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Assessing the Recent Sell-Off and the Future Outlook I Foresaw Last Week’s Selloff, Not The Ferocity. Now, I’m More Bullish

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As mentioned in the article from last Sunday, the anticipation for more selling in the recent week was evident. The selling on Friday signaled a continuation of the trend, attributed to tax-motivated profit-taking. Thus, while we braced for the selling, the intensity of the sell-off caught us off guard and has altered the outlook for this quarter.

We still have cause for optimism

Despite the prevailing circumstances, there are several positive factors that merit our attention. With the Fed refraining from increasing rates, the discussion has now shifted to the timing and extent of the impending rate cuts. Personally, I lean towards an extended period of heightened rates. In fact, I believe this expectation prompted the considerable market upheaval. It appears that market participants are awakening to the notion that a rate cut by the Fed in March is unlikely. As the economy continues its upward trajectory and inflation growth moderates, the market is poised for an upward ascent once the realization dawns that the β€œdessert” will have to be postponed until later in the year. Additionally, with earnings season commencing imminently, starting with the reports from numerous major banks, I foresee a commendable performance on their part, effectively stemming the prevailing selling trend – at least momentarily. We will now zoom in on the S&P 500 via the ETF (SPY), this time focusing on the one month…

I don’t intend to dampen spirits, but it appears that a downward shift to approximately 4550 on the SPX is imminent, marking a subtle downturn of around 5% from the high of 2023. I forecast a period of consolidation at the current level, with the broader market potentially lending support to the indexes. Notably, the impending CES event represents a catalyst for the tech industry this week. The event will place a significant emphasis on AI, in addition to the accompanying hardware and software components. I envisage Advanced Micro Devices (AMD), Intel (INTC), and Micron (MU) reaping the rewards from the AI-PC frenzy. Furthermore, with a myriad of electronic devices vying for AI integration, Nvidia (NVDA) is projected to garner significant attention at CES. I will expound further on this within the trades and investment section towards the end. It is crucial to underscore that this is not a winner-takes-all scenario. While tech stands to benefit, so do the financial and biotech sectors. Personally, I anticipate favorable outcomes for small-cap biotech, medtech, fintech, and regional banks, whereas certain stocks such as Apple (AAPL) and Tesla (TSLA) are unlikely to enjoy unfaltering support. In the past, I faced criticism for expressing my reluctance to invest in AAPL, primarily due to the absence of revenue growth and innovation. It is my firm belief that AAPL will undergo a decline, exemplified by the lackluster response to the $3500 Vision Pro and the ongoing patent dispute with Masimo regarding their blood oxygen detector. Considering that AAPL constitutes 7% of the S&P 500’s weight, a surge in the index’s other components will be necessary to counterbalance its stock depreciation. As for TSLA, although it holds a smaller market cap weight, it nonetheless stirs significant enthusiasm for stocks. However, I am confident that NVDA will compensate for any setbacks endured by these stocks.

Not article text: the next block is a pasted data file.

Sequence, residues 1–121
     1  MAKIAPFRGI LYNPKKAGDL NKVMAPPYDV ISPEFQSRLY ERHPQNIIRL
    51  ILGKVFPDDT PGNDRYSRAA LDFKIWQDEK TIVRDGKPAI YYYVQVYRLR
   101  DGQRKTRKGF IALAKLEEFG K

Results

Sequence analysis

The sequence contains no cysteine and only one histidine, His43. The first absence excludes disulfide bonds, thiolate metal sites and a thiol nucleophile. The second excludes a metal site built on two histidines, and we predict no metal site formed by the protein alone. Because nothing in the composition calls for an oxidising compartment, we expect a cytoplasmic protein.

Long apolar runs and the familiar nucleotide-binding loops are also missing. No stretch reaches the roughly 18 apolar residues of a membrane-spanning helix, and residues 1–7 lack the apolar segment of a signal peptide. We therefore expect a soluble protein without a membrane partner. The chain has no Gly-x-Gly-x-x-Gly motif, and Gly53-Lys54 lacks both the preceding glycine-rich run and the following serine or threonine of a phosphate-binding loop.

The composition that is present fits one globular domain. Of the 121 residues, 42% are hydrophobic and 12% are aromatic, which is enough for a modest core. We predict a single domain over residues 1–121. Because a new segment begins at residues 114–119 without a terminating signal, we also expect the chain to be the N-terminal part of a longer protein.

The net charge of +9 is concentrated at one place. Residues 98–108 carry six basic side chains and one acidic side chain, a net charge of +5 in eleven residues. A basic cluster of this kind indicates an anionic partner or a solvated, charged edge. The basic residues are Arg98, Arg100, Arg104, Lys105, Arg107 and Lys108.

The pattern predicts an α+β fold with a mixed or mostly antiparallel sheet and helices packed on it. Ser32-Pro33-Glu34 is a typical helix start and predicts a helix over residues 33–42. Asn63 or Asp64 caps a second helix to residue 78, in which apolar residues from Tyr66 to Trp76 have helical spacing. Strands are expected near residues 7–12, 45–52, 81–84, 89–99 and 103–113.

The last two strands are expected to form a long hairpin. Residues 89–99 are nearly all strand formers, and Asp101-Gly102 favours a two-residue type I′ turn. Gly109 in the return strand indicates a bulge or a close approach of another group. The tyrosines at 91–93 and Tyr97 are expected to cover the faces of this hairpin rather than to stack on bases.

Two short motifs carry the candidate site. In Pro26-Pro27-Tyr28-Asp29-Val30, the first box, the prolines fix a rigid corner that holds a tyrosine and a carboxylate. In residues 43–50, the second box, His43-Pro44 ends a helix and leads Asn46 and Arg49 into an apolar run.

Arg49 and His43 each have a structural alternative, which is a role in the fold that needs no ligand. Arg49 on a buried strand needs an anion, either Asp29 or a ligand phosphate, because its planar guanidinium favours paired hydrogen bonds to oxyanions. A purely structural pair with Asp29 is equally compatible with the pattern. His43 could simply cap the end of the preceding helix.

Let’s take a brief look at the AAPL chart…

The occurrence of an inverted cup-and-handle formation is a rare sight in my experience. While a standard cup-and-handle pattern denotes an optimistic chart formation, the inverse holds a negative connotation. I anticipate a downward trajectory for the stock, highlighting the area on the left-hand side as the focal point of its movement. Let’s now examine TSLA

Notably akin to each other, TSLA is also headed downwards. On a positive note, Meta Platforms (META), Microsoft (MSFT), Amazon (AMZN), and Alphabet (GOOGL), alongside NVDA, are expected to fare well this week, especially in light of CES, as previously mentioned.

Let’s summarize since I’m trying to impart a complicated message tonight

Prior to the Friday sell-off, we had already anticipated the possibility of Q1 witnessing a degree of selling. Once the selling ensued on Friday, there was little left to do, given that we had already retained 30% to 40% in cash, alongside several downside trades and a long position in the VIX using Calls. At that point, I advocated for the implementation of hedges. However, the deluge of selling surpassed my expectations. I had initially assumed that the selling would begin to wane by Wednesday morning. In my typical instinct, I acted prematurely, swiftly closing my short side trades and transitioning to a long position. The age-old adage from Mike Tyson, asserting that everyone has a strategy until they are met with adversity, rings true. This experience serves as a learning curve for me, compelling me to adopt a more astute approach going forward.

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